Fame

My early modeling career

I’m currently in an honors seminar called, “Leading a Life That Matters.” Despite meeting only twice, the course is already changing the way I think. On Thursday, we began to discuss what makes a life meaningful. We touched on how it seems that many people do not feel that their life is meaningful unless they are famous. This thought resonated with me.

I can’t remember the first time I wanted to be famous; it’s always been that way. Watching shows like American Idol reaffirmed my belief that it was possible for normal people to be “discovered.” There was tension between my parents and me; I begged them to take me to America so that I could audition to be an actress or model. I was infuriated by their unwillingness to help me rise to fame.

The search for fame infiltrated my bipolar disorder. I remember one manic episode when I thought I was on the verge of being discovered. As my family walked around the mall, I tried to do my best “model walk” and showed off my smile. Anyone could be the undercover modeling agent!  I had another manic episode years later when I thought I actually was famous. I was up at four in the morning writing responses to my “fan mail” and trying to organize my next great project. Thank goodness that episode didn’t last long.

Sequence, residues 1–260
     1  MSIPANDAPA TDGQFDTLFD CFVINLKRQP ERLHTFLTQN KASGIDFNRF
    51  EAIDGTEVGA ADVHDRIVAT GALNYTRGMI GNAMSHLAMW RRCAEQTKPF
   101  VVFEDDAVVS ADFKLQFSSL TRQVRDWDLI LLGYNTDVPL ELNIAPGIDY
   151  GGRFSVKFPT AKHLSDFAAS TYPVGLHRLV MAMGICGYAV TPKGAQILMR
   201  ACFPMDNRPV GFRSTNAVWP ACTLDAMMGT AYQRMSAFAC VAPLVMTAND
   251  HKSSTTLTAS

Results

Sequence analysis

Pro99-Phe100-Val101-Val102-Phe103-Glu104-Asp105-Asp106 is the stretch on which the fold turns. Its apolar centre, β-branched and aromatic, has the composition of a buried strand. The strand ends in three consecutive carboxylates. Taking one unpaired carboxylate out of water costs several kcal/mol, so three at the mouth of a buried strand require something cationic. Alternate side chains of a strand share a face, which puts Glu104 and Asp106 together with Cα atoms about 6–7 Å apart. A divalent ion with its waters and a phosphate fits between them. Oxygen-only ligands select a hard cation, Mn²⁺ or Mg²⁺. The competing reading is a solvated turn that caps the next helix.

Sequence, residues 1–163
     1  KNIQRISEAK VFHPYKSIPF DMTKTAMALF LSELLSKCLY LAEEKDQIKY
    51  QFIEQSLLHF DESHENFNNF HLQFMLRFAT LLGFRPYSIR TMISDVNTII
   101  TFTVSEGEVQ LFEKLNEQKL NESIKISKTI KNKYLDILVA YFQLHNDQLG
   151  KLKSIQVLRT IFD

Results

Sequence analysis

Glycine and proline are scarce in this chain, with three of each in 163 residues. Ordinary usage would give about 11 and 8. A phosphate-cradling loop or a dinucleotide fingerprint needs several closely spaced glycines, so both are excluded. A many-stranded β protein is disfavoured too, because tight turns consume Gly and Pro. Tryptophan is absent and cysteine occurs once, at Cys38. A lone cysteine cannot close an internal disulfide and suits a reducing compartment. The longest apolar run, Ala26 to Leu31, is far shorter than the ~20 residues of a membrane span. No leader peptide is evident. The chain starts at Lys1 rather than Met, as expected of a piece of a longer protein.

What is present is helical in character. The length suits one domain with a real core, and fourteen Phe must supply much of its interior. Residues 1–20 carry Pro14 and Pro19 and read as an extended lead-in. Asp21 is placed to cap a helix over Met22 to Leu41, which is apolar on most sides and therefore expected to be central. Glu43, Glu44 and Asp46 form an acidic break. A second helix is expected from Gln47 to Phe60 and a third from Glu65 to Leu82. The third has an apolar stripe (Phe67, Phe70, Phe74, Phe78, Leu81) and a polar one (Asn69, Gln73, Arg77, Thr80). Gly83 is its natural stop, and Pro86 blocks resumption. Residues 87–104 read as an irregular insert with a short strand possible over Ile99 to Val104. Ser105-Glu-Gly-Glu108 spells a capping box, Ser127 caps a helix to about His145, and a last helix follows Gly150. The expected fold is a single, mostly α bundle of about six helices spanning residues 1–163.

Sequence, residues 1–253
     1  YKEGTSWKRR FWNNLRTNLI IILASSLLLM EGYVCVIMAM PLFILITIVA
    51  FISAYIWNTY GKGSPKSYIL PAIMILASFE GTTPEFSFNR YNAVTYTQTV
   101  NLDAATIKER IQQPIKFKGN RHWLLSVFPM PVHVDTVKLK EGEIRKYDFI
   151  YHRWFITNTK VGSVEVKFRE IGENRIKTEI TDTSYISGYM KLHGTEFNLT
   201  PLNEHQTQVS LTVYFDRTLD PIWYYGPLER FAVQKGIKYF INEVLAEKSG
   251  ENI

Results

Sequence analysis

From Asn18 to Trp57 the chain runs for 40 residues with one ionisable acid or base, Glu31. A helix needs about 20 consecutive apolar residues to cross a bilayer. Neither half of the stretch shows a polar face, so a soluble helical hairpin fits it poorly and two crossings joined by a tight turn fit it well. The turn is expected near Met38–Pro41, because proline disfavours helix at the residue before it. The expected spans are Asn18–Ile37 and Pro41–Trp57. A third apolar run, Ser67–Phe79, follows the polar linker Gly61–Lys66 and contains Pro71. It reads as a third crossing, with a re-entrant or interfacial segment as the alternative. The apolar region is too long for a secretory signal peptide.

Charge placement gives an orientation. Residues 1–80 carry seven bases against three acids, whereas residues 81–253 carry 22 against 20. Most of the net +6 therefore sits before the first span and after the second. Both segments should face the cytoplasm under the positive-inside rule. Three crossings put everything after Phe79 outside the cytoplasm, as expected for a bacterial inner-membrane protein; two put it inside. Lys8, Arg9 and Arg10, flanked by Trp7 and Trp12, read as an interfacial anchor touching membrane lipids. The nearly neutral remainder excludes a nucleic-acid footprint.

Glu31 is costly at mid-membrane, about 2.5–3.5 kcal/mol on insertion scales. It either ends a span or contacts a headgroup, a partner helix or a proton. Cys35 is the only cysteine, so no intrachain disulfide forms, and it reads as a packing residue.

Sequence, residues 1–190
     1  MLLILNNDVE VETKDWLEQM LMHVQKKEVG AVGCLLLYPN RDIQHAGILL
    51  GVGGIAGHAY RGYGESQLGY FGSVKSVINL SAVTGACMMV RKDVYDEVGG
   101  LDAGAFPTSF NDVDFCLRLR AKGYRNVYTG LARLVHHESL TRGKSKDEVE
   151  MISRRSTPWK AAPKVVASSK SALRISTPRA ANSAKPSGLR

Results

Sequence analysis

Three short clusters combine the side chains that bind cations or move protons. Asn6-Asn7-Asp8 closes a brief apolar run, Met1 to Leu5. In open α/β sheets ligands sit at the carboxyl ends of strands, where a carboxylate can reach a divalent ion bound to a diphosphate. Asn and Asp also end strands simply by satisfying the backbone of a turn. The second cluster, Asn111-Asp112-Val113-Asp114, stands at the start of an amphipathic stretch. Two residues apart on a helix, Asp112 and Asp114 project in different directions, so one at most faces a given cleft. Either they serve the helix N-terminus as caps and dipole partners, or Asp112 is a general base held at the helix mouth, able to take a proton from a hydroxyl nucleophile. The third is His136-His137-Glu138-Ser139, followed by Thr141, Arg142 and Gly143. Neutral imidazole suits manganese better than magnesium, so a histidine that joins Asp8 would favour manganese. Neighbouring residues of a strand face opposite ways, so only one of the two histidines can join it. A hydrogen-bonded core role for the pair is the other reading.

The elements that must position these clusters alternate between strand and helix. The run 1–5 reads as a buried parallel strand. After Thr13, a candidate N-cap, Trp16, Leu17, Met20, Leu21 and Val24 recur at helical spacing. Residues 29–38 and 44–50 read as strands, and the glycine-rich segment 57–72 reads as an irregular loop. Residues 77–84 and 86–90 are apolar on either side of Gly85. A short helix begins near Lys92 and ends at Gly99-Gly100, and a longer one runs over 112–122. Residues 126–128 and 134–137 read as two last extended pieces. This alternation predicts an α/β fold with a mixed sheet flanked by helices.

When I am stable, I still think about fame. I want my message of mental health to have maximum exposure. Does this mean being famous? Maybe. I would love to have the opportunity to talk about mental illness on television with someone like Ellen Degeneres. Stories like mine need to be heard in order to eradicate stigma.

But right now, my story is being heard. I receive emails and comments from friends, family, and strangers who have been affected by my writing. I don’t need an arena full of people, a cable network of viewers, or red carpet to make a difference. My life is meaningful because I choose to be content with the influence I have right now.

I don’t know what the future holds for The Awkward Indie Girl. I’ll take whatever comes to me, but if this is as far as I can ever go, I’ll keep blogging. I don’t need fame for meaning; I’ve already found it.

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